Bloomberg

Job Openings Point to Sustained U.S. Payroll Gains: Economy

Tue, December 09, 2014

The U.S. labor market continued to show traction in October as job openings held near the highest level in almost 14 years and the number of people quitting and getting hired remained elevated.

...“There’s been a real change in tone in the labor market this year,” said Louis Crandall, chief economist at Wrightson ICAP LLC in Jersey City, New Jersey and the best forecaster of job openings over the last two years, according to data compiled by Bloomberg. “A higher degree of turnover is a big plus.”

Bloomberg

Fed Mandates Clash as Jobless Drop Vies With Inflation: Economy

Tue, November 18, 2014

Just when Federal Reserve Chair Janet Yellen and her colleagues will be approaching a decision to raise interest rates, their two mandates will probably be pulling them in different directions.

...By the middle of next year, “we will have seen changes in conditions that make a higher inflation forecast still plausible,” said Lou Crandall, chief economist at Wrightson ICAP LLC in Jersey City, New Jersey. “Part of it is that I expect a pickup in wage growth next year.”

Increases in pay mean a forecast for an eventual pickup in prices remains valid, said Crandall. “I’m also guessing that the impulse from the current downturn in commodity prices will have ended, if not turned around, by then.”

Bloomberg

Bullard Challenges Fed to Respond To Weakening Inflation

Thu, October 16, 2014

Bullard said the Fed should consider delaying plans to end its bond-buying program at the end of this month to halt a decline in expected inflation. The Fed has tapered purchases to $15 billion a month from $85 billion in December 2012.

...The Fed, which cut interest rates to near zero in December 2008, said last month that asset purchases would probably end after its next meeting, on Oct. 28-29, and reiterated that rates would remain on hold for a “considerable time” after the program ends.

“Ending the asset purchases has been baked in the cake for quite a while,” said Lou Crandall, chief economist at Wrightson ICAP LLC in Jersey City, New Jersey.

...The Fed’s concern over expectations may be muted by considering a wider range of measures, including consumer and business surveys, Crandall said.

Bloomberg

Money Funds Zero Pain to Worsen as Fed Maneuvers: Credit Markets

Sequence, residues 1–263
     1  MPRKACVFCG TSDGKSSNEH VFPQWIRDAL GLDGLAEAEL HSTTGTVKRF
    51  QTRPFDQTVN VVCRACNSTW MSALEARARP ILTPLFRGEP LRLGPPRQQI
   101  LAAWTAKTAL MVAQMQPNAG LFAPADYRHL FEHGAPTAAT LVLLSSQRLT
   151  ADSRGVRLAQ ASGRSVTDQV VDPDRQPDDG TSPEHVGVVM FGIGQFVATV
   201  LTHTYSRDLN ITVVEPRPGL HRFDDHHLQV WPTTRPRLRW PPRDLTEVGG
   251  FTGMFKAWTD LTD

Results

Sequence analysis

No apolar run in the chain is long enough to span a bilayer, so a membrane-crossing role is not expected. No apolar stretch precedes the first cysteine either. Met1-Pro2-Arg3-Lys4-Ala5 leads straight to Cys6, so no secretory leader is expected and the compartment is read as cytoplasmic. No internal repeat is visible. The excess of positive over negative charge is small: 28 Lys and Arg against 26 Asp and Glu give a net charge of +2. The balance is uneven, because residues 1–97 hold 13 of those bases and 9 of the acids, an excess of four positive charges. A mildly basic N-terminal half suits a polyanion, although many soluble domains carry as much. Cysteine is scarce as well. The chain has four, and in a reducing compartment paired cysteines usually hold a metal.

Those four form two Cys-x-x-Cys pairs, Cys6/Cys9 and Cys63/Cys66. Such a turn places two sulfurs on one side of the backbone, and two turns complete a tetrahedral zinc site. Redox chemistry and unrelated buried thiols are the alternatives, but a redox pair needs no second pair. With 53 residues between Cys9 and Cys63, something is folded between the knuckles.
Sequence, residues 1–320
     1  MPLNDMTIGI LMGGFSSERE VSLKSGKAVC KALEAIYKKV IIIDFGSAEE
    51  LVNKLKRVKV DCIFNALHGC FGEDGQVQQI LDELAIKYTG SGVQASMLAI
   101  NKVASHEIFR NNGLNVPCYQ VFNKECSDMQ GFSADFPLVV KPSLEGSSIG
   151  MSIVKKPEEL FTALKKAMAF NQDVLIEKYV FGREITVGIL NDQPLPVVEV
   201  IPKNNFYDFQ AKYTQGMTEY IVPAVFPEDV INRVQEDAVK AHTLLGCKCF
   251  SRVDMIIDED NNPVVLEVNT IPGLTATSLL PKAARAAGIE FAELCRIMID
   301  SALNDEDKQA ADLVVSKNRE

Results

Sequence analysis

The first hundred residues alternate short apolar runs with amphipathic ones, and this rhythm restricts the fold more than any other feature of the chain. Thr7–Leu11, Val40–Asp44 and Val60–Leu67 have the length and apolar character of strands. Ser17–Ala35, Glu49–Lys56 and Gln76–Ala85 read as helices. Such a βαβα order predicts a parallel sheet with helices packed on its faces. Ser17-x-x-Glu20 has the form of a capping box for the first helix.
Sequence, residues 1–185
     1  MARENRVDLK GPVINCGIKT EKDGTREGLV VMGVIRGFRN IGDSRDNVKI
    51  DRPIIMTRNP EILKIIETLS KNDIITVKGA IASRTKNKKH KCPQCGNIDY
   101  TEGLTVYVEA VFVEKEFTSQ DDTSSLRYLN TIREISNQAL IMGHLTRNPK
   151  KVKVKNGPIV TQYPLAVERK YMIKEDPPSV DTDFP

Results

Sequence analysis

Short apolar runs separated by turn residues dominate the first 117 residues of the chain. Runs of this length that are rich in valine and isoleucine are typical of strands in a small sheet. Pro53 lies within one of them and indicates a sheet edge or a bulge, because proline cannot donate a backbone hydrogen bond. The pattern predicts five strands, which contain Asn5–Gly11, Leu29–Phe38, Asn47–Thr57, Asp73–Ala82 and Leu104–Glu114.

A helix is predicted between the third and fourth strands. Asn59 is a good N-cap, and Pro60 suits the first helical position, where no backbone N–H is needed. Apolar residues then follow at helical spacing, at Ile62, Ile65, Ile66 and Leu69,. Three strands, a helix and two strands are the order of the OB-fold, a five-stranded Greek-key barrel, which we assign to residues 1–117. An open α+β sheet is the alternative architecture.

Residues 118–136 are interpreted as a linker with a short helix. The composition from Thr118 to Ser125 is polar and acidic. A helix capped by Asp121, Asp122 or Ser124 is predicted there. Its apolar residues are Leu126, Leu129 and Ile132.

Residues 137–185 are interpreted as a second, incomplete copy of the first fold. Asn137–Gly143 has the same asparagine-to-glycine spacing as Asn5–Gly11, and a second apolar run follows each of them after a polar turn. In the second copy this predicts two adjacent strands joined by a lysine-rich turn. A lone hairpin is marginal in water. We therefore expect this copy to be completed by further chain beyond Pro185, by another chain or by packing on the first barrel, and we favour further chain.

Tue, September 30, 2014

The central bank is working out how best to control short-term rates after its bond buying policies aimed at suppressing borrowing costs and stimulate economic growth flooded the banking system with $2.71 trillion of excess reserves. The Fed, which is forecast to start raising rates next year, surprised market participants earlier this month when it placed a limit on how much cash it will take out of the system each night through its reverse repurchase agreement program.

...To pull that off, the Fed’s repo program might have to be as large at $1 trillion, according to Wrightson ICAP LLC.

“To achieve their goal, they will have to raise the cap,” Lou Crandall, chief economist at Wrightson in Jersey City, New Jersey, said Sept. 18 in a phone interview.

The Financial Times

Treasury bills go negative in quarter-end rush

Wed, September 24, 2014

Investors are pushing rates on Treasury bills into negative territory due to a scarcity of safe assets as funding pressures intensify with the end of the financial quarter.

..."People who want to be invested past September 30 are hoarding Treasury bills pre-emptively," said Lou Crandall, economist at Wrightson Icap.

"Money funds' willingness to lock in term investments at low rates through October 1 now will, if anything, make the quarter-end squeeze in the overnight market on September 30 even more extreme as banks accepting cash are tying up whatever limited balance sheet space they might be wiling to make available over the statement date."